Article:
Activism at U.S. oil and gas companies has trended at an elevated level since 2016, a couple of years after commodity prices plummeted, with M&A-related demands booming. Between 25 and 29 companies in the sector have received public demands each year since 2016, according to Activist Insight Online, compared to 17 and 21 between 2013 and 2015. Now, one activist is seeking to articulate why investors don’t think management teams should be trusted to fight for survival alone.
Kimmeridge Says Move Away From Fossil Fuels Is Hurting Business
Kimmeridge Energy Management released a white paper last week describing the U.S. exploration and production (E&P) industry as being "in a time of crisis" fed by sub-$60 oil and a global move away from fossil fuels. Those factors may be unavoidable, but Kimmeridge believes expansionist, debt-laden, and inefficient strategies continue to play too large a role.
Regular readers will be familiar with geologist and former Sanford Bernstein sell-side analyst Ben Dell and his firm Kimmeridge, the owner/operator/investor that has dipped its toe into activism three times over the past couple of proxy seasons. Indeed, only four investors have made public demands at three different oil and gas companies since 2018, according to Activist Insight Online, and Kimmeridge is one of them (the others are SailingStone Capital Partners, Elliott Management, and Fir Tree Partners).
Starting from next year, the self-described private equity firm is planning on having an even bigger impact. Kimmeridge recently hired Wellington Management portfolio manager Mark Viviano as its head of public equities and is reportedly seeking between $500 million and $1 billion for a new fund – Kimmeridge Energy Engagement Partners. That’s ambitious for an industry where as many as one-third of companies are, by Dell’s own admission, uninvestable. Yet it reflects a vision for how the sector digs itself out of the mess that it currently finds itself in.
The Problems Arising From Uneconomic Drilling
Uneconomic drilling is primarily an incentive problem, Dell argues, with low parachute payments, short holding requirements for stock-based compensation and too many relative or revenue-based targets included in bonus payments. "I would say the number one problem with the industry is corporate governance and how management are being paid," Dell told me in an interview this week.
Kimmeridge plans to be a corrective, advocating reduced reinvestment, maximal return of capital to shareholders, and consolidation. In other sectors, that might instantly be deemed short-termist. But in upstream oil & gas, reducing production could be in the interests of both investors and climate activists.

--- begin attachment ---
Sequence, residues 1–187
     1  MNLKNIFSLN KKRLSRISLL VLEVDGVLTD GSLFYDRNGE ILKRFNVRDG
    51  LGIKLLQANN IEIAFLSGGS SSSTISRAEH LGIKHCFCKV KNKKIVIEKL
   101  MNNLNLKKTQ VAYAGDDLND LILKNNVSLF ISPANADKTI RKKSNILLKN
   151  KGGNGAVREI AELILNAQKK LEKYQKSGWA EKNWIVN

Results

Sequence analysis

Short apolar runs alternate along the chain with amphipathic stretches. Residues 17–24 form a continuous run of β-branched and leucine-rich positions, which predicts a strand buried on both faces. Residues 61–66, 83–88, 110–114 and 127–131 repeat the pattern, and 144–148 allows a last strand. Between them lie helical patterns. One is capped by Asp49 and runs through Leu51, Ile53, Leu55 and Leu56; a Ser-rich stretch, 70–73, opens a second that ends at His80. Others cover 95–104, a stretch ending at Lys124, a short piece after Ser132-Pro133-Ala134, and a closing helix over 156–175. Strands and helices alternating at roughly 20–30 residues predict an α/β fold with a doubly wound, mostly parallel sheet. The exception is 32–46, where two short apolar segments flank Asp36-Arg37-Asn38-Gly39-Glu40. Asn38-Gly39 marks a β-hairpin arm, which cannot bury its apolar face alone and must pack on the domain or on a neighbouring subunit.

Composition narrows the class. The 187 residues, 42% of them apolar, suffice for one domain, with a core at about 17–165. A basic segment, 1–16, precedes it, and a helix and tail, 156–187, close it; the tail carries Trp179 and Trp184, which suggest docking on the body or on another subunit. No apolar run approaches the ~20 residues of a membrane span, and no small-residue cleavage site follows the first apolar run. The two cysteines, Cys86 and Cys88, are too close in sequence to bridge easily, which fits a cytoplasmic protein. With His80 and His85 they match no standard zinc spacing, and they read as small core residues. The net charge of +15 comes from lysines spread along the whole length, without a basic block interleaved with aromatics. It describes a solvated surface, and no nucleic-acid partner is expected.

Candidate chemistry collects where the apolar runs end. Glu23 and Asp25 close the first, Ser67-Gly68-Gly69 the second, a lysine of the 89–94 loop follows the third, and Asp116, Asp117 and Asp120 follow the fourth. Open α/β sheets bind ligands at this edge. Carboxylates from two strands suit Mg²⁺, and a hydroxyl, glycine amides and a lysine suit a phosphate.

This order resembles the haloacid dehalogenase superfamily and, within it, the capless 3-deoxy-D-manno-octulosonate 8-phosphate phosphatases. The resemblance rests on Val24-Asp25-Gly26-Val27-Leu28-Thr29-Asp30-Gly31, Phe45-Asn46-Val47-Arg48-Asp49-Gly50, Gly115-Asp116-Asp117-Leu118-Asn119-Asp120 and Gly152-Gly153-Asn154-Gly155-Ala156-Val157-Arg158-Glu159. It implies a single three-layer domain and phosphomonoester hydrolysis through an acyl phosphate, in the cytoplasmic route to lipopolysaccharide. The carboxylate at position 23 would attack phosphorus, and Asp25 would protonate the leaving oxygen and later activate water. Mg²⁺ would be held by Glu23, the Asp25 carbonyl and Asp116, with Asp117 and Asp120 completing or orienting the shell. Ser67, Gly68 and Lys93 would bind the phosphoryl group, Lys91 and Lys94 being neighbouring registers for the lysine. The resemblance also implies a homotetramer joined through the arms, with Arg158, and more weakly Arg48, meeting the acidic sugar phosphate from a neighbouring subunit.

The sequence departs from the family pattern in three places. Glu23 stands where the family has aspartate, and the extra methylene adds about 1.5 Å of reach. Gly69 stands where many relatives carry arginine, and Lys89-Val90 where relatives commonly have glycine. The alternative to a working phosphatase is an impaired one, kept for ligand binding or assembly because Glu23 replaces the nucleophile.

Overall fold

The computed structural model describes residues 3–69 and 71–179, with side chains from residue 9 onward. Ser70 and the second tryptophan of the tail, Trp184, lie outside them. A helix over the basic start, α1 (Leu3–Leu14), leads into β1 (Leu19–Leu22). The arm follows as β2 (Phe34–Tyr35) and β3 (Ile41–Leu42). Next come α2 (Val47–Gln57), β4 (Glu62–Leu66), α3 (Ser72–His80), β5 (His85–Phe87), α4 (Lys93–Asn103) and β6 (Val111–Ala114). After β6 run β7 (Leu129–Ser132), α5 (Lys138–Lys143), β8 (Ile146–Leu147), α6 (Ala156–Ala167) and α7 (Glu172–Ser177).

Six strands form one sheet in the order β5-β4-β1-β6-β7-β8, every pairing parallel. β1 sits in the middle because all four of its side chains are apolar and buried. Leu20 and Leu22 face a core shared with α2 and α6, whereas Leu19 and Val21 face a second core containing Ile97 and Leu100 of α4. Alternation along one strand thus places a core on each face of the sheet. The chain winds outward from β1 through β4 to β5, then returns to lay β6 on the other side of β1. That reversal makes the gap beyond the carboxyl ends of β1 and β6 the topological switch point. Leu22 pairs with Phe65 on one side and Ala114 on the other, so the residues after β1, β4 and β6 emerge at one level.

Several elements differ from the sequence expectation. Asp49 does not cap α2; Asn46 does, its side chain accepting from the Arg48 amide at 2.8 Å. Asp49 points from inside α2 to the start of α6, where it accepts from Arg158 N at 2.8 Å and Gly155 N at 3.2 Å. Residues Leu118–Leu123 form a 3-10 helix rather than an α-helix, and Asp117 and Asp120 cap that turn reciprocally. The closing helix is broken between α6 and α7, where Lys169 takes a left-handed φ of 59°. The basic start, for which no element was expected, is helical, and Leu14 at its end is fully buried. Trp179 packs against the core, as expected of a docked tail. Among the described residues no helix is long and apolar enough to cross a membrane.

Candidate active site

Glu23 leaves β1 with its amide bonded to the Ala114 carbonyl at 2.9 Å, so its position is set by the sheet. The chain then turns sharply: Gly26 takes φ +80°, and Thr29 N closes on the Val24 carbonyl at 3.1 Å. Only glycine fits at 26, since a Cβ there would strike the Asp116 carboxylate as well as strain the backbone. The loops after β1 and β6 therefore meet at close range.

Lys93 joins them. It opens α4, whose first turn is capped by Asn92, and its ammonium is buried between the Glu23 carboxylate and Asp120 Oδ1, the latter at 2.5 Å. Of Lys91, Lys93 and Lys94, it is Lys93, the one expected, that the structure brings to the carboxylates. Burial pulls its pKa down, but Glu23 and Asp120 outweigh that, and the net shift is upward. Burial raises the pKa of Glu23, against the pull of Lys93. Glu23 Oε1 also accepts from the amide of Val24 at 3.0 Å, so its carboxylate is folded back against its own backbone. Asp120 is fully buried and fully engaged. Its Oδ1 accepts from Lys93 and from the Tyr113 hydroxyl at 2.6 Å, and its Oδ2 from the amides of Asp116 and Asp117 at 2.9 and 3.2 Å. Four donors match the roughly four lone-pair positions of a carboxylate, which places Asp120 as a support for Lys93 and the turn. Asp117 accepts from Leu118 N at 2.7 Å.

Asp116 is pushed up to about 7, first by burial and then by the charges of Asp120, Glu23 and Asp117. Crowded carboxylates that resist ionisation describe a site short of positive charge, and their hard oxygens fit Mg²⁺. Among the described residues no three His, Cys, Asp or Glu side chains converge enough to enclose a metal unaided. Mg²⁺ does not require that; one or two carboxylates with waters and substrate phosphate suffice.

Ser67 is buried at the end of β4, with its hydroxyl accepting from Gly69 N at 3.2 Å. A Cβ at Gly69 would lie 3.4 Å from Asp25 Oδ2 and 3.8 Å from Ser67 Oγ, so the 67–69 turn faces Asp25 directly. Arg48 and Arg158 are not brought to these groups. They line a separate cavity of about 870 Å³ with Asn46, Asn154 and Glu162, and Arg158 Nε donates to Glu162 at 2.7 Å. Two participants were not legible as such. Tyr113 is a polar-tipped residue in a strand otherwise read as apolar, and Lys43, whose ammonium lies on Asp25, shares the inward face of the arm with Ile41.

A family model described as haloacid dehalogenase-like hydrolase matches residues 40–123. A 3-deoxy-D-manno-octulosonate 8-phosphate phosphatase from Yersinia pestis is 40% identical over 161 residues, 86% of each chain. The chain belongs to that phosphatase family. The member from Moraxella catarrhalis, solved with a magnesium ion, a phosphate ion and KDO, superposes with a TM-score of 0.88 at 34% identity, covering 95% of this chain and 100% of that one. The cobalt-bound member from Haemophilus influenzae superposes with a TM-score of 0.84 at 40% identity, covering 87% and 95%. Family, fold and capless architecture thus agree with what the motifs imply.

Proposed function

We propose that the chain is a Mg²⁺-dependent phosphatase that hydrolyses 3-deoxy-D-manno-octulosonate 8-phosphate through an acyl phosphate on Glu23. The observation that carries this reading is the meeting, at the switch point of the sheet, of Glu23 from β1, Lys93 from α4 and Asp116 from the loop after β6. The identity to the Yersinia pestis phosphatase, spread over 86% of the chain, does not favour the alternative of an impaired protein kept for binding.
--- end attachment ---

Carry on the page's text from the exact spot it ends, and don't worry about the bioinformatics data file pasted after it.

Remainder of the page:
"The reality is, if investors walk away from the sector and they don't vote to change the behavior, we will end up with a sector that spends 100% of Ebitda, that drills uneconomic wells, that flares gas, that uses fresh water, and doesn't adhere to the best possible standards," Dell argues. "If you want to change the sector, you have to engage, and I wholeheartedly believe that ESG does not mean walking away."
(Recently, Elliott Management took the other end of the wedge, suggesting Kansas and Missouri utility Evergy increase its renewable output – the two settled this week).
With an environmental, social, and governance (ESG) agenda focused on reducing waste and improving alignment with shareholders, Kimmeridge may soon be seeking to better its result at PDC Energy, where it won 42% of the vote in a proxy contest last year.
Three months after the fight, PDC acquired neighbor SRC Energy in a low-premium, all-stock deal that could become a model. The number of E&P companies could even shrink from 600-odd to 100, Dell says, although that could take a decade.
"My experience from PDC is that long-only investors in energy, those who are left, understand what needs to be done and want to see it fixed," he continues. "I think people believe that if anyone could turn around the sector from an activism standpoint, it's the team we're putting together."
Twitter, which is reportedly under pressure from Elliott Management to hire a permanent CEO, has been a prospective target for activism for at least four years ("It's a truth almost universally acknowledged that a Twitter shareholder in need of a return is in search of an activist investor." Activist Insight Vulnerability, February 3, 2016). The natural question is, what took so long? In those four years, Twitter turned a $457 million loss into a $1.5 billion profit and nearly doubled its cash (or total assets, if you prefer). The stock price has actually doubled in that timeframe, although it has been a long road back from the $14 low to $35 today. Twitter never delivered on its early promise – it briefly traded at $69 in 2014 – so the intervening years were a series of disappointments. But it remains a reminder that activists in search of a target need a business to turn around before they commit themselves to a campaign.
MG Capital Urges HC2 To Investigate Philip Falcone
Quote of the week comes from MG Capital, which wrote to the audit committee of HC2 this week to urge an investigation of CEO and Chairman Philip Falcone, including "concerning accounting and disclosure issues that may represent either outright fraud or a violation of rules," and in a separate letter to shareholders said it would nominate a six-person slate to replace the entire board. In its letter to shareholders, the 5% stockholder wrote:
"In light of all these historical and recent issues, we feel that HC2 stands at a crossroads this spring. Even if Mr. Falcone enacts some incremental enhancements designed to improve HC2’s short-term prospects, we believe any road forward proposed by him will lead off a cliff. MG Capital is offering an alternative road that we contend will lead to enhanced value creation, superior governance, and the eradication of conflicts and self-dealing."